Late taxes blamed on gas bills

Published 12:00 am Thursday, January 25, 2001

High gas prices have been blamed for everything from increased electricity rates to expected price hikes in retail goods. But the effects of a tight natural gas market may be more far-reaching than anticipated, even touching local ad valorem tax collections.

Ralph Tedder, city recreation department director, asked the Natchez Board of Aldermen Tuesday for an interfund loan of $20,000 to help cover January expenses.

And though much of the recreation budget shortfall had to do with inadequate golf course revenues, Tedder also pointed to ad valorem receipts, which were about $6,000 less this year than the same month in 2000.

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City Clerk Donnie Holloway said he too has recognized the drop in ad valorem revenues received by the city.

Historically, the city sees a surge in property tax collections during the months of December, January and February.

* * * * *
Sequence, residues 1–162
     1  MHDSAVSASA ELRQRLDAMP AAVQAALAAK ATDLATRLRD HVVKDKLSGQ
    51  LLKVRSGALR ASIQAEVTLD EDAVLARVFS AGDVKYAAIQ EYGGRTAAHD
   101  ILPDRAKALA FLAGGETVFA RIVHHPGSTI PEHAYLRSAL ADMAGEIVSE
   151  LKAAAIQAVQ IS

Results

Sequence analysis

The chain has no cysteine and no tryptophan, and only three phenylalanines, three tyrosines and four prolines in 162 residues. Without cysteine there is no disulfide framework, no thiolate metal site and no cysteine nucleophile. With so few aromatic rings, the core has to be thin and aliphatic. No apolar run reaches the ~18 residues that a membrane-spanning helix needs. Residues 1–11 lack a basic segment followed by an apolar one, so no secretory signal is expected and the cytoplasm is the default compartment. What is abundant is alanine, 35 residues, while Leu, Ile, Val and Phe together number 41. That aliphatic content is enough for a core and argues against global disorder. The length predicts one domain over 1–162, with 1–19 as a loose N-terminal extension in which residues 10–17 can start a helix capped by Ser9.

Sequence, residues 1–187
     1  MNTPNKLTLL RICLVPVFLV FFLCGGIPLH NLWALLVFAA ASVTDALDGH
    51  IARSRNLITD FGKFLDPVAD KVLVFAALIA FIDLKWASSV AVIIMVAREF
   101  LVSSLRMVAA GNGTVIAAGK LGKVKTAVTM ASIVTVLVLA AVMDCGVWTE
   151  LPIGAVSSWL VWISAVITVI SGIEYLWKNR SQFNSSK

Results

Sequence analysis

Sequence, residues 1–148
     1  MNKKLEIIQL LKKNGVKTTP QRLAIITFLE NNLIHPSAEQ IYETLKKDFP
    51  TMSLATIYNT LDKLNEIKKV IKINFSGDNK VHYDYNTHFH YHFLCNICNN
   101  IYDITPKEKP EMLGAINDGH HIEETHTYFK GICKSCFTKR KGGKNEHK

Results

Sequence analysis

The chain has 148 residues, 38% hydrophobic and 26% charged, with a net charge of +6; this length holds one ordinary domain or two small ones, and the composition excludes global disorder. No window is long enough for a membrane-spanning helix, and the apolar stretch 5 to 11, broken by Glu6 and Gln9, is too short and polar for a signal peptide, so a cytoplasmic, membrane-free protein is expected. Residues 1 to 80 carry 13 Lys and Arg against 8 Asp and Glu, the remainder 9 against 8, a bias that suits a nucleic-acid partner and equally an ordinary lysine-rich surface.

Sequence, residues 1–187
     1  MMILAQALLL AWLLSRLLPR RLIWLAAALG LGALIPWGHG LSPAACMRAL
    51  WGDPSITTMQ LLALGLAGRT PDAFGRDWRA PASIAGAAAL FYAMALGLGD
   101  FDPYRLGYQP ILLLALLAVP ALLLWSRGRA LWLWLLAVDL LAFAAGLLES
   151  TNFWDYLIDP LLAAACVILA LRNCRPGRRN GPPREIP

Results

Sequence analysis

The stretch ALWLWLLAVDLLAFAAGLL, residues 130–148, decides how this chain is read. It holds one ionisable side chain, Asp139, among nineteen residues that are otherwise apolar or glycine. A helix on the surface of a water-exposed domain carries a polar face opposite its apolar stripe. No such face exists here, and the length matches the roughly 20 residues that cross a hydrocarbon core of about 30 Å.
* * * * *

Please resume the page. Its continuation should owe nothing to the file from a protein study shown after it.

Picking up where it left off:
But since October, Holloway has recorded $139,418 in ad valorem tax revenues, compared to $181,686 for the same period in fiscal year 1999-2000.

As Tedder, Holloway believes high gas prices may have a hand in the low collections.

&uot;They say well, I’ll just hold off on paying my taxes until next month, because I’ve got to pay my gas bill or they’ll turn it off,&uot; Holloway said.

Having just returned from a Mississippi Municipalities League conference earlier this week, Holloway said concerns over high gas prices are widespread.

But tax collections may be off only at the city level, said Vernona Sanders, Adams County tax collector.

Sanders’ office collects both city and county ad valorem taxes, then passes the money on to the separate governments.

During the month of December, Sanders said her office collected $3,930,944 in both city and county property taxes.

In the same month in 1999, the total came to $3,794,215.

Neither total includes other ad valorem taxes, including vehicle tags, mobile homes and public utilities.

Sander said those taxes collected in December, which would be recorded on city and county dockets as January receipts, do include 12 percent and 4 percent increases passed by the city and county respectively in September.

&uot;I’d say we’re pretty much on schedule,&uot; she said. And with the number of payments being processed now, February should show another increase.

Property owners were notified of their owed taxes in January and payment is due Feb. 1.

All taxes received after then accumulate a 1-percent penalty per month until paid.